The existing peer pressure online to be “productive” is bound to make you question your futility and lack of productivity during the quarantine period. But, who said that the quarantine period is a contest? 

“If you have not learnt any new skills during this lockdown, you lack discipline!” 

“Learn how to use your time productively and amp your CV!”

“How do I use my free time during the lockdown?”

“How can I be more productive?”

LinkedIn overflows with enthusiastic students and professionals uploading tons of certification courses and virtual internships. Instagram overflows with budding chefs, YouTubers and content creators displaying their latest dish, video and DIYs. The existent peer pressure is bound to make you question your futility and lack of productivity during the quarantine period. However, the question that thus arises is, have we given in to the productivity guilt or not?

With an ample amount of time to spare, the idle mind surely cooks up conspiracy theories and fan fiction and that is alright! We have spent days and nights working, hoping to get the perfect CV ready. Over-work, over-stress, this is a much-needed break. The quarantine is nature’s way to ask us to calm down, to take a break, re-think and pause. 

Rhea Dsouza, a student of Jesus and Mary College reminds us to take a break amidst this world-shaking pandemic, “Think of all the times you have had to overwork yourself and do the extra deed. Look at this as a well-deserved break from all the times you overdid yourself.”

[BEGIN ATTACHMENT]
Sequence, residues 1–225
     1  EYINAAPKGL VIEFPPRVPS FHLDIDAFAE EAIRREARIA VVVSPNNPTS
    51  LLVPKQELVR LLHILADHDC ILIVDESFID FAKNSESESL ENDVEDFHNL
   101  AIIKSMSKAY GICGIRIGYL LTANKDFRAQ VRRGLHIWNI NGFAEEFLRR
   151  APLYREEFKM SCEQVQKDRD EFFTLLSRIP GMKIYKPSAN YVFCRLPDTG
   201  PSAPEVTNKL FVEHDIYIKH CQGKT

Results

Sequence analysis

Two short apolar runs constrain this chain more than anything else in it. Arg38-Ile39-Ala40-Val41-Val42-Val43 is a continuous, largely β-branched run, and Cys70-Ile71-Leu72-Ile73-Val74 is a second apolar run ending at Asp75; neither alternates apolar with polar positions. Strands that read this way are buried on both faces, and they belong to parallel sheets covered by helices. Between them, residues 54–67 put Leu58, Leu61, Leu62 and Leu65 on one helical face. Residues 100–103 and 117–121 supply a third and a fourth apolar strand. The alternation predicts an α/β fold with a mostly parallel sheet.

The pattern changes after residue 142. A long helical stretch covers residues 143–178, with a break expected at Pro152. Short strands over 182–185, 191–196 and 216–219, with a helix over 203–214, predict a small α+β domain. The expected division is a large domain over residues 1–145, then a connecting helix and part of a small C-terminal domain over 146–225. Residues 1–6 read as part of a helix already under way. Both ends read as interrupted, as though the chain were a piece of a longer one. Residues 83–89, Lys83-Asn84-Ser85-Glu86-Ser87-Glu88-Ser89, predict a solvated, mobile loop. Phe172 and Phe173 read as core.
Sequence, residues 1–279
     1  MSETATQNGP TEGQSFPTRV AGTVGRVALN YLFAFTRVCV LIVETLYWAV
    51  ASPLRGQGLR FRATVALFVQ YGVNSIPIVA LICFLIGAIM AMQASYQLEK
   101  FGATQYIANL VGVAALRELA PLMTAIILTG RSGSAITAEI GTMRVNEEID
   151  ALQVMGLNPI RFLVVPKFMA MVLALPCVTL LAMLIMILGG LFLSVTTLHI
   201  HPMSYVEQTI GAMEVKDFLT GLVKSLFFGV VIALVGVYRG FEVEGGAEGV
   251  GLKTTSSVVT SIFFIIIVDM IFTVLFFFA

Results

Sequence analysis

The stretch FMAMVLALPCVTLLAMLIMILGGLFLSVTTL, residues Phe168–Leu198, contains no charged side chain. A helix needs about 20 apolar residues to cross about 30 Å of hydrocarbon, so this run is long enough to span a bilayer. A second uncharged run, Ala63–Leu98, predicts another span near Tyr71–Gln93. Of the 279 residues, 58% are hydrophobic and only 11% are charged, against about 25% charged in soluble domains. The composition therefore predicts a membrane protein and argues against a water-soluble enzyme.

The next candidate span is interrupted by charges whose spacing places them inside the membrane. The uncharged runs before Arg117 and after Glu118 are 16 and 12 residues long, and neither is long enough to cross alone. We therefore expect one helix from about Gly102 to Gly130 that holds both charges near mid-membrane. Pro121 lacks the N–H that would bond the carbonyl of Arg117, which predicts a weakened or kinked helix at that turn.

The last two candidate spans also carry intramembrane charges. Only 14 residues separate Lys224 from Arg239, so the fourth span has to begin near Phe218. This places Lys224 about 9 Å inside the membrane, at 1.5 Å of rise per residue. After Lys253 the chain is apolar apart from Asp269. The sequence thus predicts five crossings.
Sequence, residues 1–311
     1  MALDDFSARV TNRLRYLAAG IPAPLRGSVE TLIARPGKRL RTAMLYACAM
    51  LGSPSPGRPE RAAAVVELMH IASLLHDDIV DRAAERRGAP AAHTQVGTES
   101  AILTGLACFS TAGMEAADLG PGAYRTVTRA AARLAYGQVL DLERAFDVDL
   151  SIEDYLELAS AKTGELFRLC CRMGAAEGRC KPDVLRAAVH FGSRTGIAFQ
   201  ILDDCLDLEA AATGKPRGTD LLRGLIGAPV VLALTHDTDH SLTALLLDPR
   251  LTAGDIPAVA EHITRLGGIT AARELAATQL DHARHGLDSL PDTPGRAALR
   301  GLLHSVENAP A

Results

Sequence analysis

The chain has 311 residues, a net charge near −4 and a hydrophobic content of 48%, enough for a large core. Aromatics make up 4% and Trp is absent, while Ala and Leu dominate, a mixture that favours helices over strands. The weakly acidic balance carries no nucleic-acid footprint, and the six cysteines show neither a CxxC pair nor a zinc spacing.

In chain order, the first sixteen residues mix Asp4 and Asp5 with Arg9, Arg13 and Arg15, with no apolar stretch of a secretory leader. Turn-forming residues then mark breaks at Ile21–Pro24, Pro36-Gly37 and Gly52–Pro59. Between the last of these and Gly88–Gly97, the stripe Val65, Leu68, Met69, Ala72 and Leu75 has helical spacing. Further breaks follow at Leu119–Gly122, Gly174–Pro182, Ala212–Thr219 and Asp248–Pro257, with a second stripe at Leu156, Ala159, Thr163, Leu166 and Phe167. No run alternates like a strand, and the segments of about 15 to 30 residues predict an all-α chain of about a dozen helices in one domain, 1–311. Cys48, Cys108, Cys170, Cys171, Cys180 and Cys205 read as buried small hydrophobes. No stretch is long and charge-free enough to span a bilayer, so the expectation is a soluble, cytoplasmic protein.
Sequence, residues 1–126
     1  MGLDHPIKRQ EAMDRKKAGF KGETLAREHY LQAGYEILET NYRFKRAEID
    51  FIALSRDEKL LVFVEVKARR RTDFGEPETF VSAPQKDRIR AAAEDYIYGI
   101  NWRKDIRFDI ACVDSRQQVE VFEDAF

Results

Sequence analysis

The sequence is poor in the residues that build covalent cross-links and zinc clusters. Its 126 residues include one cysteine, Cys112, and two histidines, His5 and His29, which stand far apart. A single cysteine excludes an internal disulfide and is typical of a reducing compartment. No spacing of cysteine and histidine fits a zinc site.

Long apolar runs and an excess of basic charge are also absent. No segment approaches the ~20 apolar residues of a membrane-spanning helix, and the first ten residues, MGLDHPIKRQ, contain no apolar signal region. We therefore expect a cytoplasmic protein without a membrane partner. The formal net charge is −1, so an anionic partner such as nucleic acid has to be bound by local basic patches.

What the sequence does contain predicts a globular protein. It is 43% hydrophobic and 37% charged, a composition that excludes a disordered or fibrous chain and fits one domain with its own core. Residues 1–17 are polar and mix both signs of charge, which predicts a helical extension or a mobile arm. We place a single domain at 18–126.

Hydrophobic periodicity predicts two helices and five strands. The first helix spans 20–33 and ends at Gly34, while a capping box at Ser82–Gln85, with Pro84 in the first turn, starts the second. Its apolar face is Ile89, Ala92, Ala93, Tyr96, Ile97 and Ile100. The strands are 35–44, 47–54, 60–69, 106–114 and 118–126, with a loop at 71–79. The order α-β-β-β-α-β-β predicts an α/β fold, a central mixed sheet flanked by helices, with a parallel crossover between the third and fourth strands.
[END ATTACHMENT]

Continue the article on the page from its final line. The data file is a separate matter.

People are on the streets, dying. People are on the hospital beds, dying. It is a pandemic, a historical event which defines the course of history. Crude oil hits below USD 0, we await a global recession, world-leaders have tested positive, the world today is anything but normal. Some have the perseverance and strength to continue with their day’s work without any intrusive thoughts. 

As an individual with anxiety, it is not easy. The fear is not intermittent; it is constant, consistent, steady and staring right into your eyes. I too believed let’s work on that CV, managing over four jobs, two internships, assignments, societies, a stable relationship, an unstable family and mental health later, I quit. Life is more than aiming to ace the perfect CV, sacrifice your family and social life to work, work and work! 

A student of Ramjas College, Pranjal Gupta juggles amidst six jobs and internships and fails to draw the line between academics and productivity. “Ever since the lockdown, I’ve been checking people’s profile on LinkedIn. When I see them doing so many things, achieving so much at this stage of their lives there is this constant fear that haunts me, “Am I not giving my best?”, “Why did I miss this opportunity?”, “Shall I enrol in this or that?”  I have involved myself in so much that I seem to be lost somewhere and not know what my hobbies are.”

The relationship between productivity and capitalism is an old, toxic one. The hustle culture points towards a notion that those who don’t hustle, they cannot succeed. There is no harm in staring at the wall for day’s ends, binge-watching the same show countless times, experimenting in the kitchen, bonding over board games with your family, you have the rein to your life in your palms, only you can direct it, not social media gimmicks. 

Pranjal continues, “Lockdown hasn’t given me a chance to be bored and actually fuel me with a drive to do something new, I’m just running like a sheep. Is this how I’m going to be different from the crowd? Without any introspection in such historic times?”